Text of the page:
Tech Bundle

Singapore Battery Consortium

With rapid research advancements in battery technologies, including new battery technology, lithium-ion batteries have become an indispensable part of modern life: they provide a reliable power source for portable electronic devices such as mobile phones and laptops, and have led to transformative technologies like electric vehicles. 

Continued research and development has yielded breakthroughs in new battery materials and chemistries with enhanced performance and lifespan, as well as system level improvements. The growing demand for better batteries has led to the innovations in battery technologies, such as silicon anode batteries, sodium-ion batteries and emerging solid-state batteries, which are driving the transition towards sustainable energy solutions. The development of new battery technology will continue to revolutionise various industries, from consumer electronics to renewable energy systems. 

In recent years, there has been a growing focus on repurposing batteries for new applications and recycling of end-of-life batteries to address environmental concerns and improve resource efficiency. The Singapore Battery Consortium Tech Bundle features a curated list of battery technologies for enterprises to discover new collaboration and co-creation opportunities, enabling the development of innovative product developments to drive business growth and sustainability.

Advanced Electrolyte for Next Generation High-Energy Lithium Metal Batteries
Lithium ion (Li-ion) battery is now the dominant energy storage system in portable electronics and electric vehicles (EV). The rapid expanding EV is driving the demand for next generation high-energy batteries. Compared to conventional Li-ion batteries with graphite anode, which has a theoretical capacity of 372 mAh/g, lithium-metal batteries can deliver ten times of specific capacity (3860 mAh/g). Theoretically, anode-free batteries can double the energy density in volume compared to Li-ion batteries at the cell level. However, current anode-free batteries suffer from faster capacity decay due to poor lithium plating on Cu foil. To overcome this challenge, the technology owner has developed a liquid electrolyte comprising lithium difluoro(oxalate)borate (LiDFOB) and a carbonate solvent, enabling reversible lithium plating of anode-free lithium metal batteries. This electrolyte ensures good thermal stability with smooth Li plating of counter electrode on the anodic side even at elevated temperatures. It facilitates a capacity retention of above 80% after 100 cycles for an anode-free battery or 80% after 400 cycles for a battery with a Li metal anode. The technology owner seeks collaboration with industrial partners such as battery developers and manufacturers for further co-development and test-bedding of electrolyte and subsequent licensing of this technology for commercialisation.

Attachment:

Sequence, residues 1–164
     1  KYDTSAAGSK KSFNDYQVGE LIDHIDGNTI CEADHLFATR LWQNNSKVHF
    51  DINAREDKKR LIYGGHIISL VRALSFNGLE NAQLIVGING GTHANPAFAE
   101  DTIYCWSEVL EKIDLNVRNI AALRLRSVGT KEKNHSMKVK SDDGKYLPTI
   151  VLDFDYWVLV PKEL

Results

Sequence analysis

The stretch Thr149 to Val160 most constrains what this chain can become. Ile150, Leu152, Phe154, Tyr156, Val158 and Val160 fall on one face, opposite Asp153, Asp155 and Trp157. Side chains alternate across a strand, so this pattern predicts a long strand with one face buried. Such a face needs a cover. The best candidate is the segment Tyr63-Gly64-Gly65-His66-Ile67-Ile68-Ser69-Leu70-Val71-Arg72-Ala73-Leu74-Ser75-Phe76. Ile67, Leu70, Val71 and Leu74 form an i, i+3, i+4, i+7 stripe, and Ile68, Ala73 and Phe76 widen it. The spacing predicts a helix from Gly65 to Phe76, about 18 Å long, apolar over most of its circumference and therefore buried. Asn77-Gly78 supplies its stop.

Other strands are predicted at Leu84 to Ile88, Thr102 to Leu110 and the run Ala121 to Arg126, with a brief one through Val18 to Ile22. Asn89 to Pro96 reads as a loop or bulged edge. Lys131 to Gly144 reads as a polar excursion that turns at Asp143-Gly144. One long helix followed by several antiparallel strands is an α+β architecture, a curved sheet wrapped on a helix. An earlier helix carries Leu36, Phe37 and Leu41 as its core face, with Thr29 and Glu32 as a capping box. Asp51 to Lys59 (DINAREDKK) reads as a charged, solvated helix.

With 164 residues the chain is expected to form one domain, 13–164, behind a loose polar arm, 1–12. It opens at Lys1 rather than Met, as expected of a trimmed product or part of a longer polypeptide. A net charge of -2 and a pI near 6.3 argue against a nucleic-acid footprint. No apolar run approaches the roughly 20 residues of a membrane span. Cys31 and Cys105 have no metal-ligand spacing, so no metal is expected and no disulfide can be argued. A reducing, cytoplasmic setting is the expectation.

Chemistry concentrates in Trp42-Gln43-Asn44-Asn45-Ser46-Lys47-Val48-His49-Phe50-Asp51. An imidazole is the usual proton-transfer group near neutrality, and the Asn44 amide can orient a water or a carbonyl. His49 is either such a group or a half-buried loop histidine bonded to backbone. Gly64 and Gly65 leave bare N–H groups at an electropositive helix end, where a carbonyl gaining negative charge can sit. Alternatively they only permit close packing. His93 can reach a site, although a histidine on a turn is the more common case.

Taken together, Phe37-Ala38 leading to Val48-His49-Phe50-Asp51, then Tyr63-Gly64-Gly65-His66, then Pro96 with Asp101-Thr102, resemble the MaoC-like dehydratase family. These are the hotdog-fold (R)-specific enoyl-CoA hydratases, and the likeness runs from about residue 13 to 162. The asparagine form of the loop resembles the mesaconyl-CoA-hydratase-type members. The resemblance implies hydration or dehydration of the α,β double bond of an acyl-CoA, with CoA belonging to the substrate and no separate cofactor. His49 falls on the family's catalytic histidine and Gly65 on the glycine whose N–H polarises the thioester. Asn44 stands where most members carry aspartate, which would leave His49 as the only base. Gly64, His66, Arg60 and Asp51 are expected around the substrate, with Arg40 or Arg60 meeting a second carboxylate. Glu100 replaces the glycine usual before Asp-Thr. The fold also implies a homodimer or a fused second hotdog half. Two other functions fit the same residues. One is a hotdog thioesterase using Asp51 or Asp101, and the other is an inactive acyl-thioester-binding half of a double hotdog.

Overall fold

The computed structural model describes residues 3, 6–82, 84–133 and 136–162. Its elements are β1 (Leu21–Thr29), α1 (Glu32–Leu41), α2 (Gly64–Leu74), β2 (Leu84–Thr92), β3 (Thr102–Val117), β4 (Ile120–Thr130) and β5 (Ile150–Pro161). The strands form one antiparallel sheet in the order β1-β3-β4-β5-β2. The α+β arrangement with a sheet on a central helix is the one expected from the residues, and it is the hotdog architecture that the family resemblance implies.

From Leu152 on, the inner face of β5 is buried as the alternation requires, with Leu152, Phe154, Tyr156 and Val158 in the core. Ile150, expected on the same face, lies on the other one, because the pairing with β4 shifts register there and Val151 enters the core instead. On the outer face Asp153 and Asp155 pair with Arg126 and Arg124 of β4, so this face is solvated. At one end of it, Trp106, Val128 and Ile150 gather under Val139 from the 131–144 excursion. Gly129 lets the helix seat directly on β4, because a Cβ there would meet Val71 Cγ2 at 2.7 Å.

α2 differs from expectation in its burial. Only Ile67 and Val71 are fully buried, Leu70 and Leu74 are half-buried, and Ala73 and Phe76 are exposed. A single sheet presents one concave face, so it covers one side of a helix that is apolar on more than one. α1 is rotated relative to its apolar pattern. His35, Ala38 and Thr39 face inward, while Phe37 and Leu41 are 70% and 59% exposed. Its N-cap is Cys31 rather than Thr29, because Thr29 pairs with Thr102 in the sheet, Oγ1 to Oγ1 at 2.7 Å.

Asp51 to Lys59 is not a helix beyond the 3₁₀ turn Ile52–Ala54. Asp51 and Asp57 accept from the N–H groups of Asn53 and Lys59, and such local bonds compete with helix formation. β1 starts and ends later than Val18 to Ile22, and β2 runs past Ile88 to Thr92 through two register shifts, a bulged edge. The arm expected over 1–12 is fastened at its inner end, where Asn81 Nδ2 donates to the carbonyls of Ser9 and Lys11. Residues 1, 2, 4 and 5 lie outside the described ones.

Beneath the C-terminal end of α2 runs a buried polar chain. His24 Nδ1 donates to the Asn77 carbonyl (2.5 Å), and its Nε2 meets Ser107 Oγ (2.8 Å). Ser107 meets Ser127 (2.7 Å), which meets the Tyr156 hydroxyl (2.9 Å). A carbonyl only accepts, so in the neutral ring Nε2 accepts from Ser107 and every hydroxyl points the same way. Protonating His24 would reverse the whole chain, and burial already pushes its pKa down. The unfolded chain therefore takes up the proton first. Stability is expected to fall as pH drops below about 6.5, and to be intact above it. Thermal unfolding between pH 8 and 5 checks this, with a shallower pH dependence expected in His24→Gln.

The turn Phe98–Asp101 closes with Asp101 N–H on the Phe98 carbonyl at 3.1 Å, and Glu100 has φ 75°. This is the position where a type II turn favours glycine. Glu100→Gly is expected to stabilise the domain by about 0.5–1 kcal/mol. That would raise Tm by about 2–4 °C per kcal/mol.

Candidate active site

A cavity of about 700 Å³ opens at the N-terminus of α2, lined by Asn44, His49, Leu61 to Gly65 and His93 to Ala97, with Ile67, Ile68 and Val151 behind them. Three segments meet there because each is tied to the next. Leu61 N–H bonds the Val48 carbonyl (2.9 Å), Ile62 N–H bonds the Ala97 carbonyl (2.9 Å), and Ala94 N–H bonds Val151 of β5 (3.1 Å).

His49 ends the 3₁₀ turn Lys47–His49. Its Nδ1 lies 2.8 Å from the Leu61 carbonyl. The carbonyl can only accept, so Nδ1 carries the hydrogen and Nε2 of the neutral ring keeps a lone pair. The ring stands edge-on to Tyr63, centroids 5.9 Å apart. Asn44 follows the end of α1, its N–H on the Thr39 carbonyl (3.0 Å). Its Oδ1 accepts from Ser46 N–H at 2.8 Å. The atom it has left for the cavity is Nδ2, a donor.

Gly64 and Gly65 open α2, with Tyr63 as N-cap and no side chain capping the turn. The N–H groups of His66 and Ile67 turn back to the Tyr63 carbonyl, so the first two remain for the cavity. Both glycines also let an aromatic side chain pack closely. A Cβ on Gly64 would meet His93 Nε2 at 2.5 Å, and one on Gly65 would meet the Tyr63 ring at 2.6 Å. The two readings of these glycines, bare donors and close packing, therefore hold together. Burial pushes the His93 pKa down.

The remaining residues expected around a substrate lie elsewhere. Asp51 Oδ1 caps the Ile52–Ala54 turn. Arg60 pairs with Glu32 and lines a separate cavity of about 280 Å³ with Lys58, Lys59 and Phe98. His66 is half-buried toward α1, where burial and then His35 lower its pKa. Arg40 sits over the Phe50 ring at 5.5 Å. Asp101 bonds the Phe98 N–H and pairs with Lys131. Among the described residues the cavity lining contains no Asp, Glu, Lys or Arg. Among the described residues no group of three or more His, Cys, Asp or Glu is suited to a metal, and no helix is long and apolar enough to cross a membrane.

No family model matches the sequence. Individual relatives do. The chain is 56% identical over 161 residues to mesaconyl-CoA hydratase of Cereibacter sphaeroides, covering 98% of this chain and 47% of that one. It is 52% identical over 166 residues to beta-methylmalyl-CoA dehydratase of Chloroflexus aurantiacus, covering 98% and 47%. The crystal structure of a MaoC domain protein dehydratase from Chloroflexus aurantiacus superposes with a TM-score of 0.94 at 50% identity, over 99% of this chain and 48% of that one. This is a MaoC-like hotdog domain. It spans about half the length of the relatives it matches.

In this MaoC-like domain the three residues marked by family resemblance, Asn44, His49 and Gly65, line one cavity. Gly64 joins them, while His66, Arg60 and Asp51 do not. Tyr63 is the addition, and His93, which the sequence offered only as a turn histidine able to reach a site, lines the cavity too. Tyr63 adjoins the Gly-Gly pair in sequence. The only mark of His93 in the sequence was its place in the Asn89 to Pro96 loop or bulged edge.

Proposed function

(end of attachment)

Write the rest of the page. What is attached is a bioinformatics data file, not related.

A Reprocessible Solid Polymer Electrolyte (SPE) for All-Solid-State Lithium-Ion Batteries
All-solid-state lithium-ion batteries (LiBs), also known as the most promising next-generation batteries, have attracted much attention due to their high energy density and safety. The replacement of liquid electrolyte with solid electrolyte could not only improve battery safety and also prolong its lifetime. The most commonly used solid polymer electrolytes (SPEs) are poly(ethylene oxide) (PEO) based, which typically have poor mechanical properties, low ionic conductivity, and a limited oxidation window, thus precluding their use with high-voltage cathodes. Therefore, it is essential to develop cross-linked SPEs with high oxidative stability for high-voltage all-solid-state LiBs in high energy applications. The technology owner has developed a reprocessible cross-linked cationic polytriazolium (PT) based SPE for all-solid-state LiBs. This PT-based SPE is electrochemically stable at voltages >4.0 V, exhibiting a high ionic conductivity below the melting point as well as a high Li+ transference number. In addition to its electrochemical characteristics, this PT-based electrolyte is reprocessible and healable with good flexibility. Such polymeric electrolytes could sustain internal and external stresses during the charging-discharging process, thus prolonging the lifetime of Li-ion batteries while simultaneously tackling safety issues. The technology owner is keen to collaborate with industrial partners such as battery developers and manufacturers for further co-development and test-bedding of solid polymer electrolytes and subsequent licensing of this technology for commercialisation.
Low-Cost and Flexible Water-Activated Primary Batteries
Recently, the rising adoption of Internet of Things (IoT) devices and portable electronics has made electronic waste (e-waste) pollution worse, especially when small and low-power IoT devices are single-use only. As such, low-cost and environmentally friendly power sources are in high demand. The technology owner has developed an eco-friendly liquid-activated primary battery for single-use and disposable electronic devices. The battery can be activated by any aqueous liquid and is highly customisable to specific requirements (i.e., shape, size, voltage, power) of each application. This thin and flexible battery can be easily integrated into IoT devices, smart sensors, and medical devices, providing a sustainable energy solution for low-power and single-use applications. The technology owner is keen to do R&D collaboration and IP licensing to industrial partners who intend to use liquid-activated batteries to power the devices.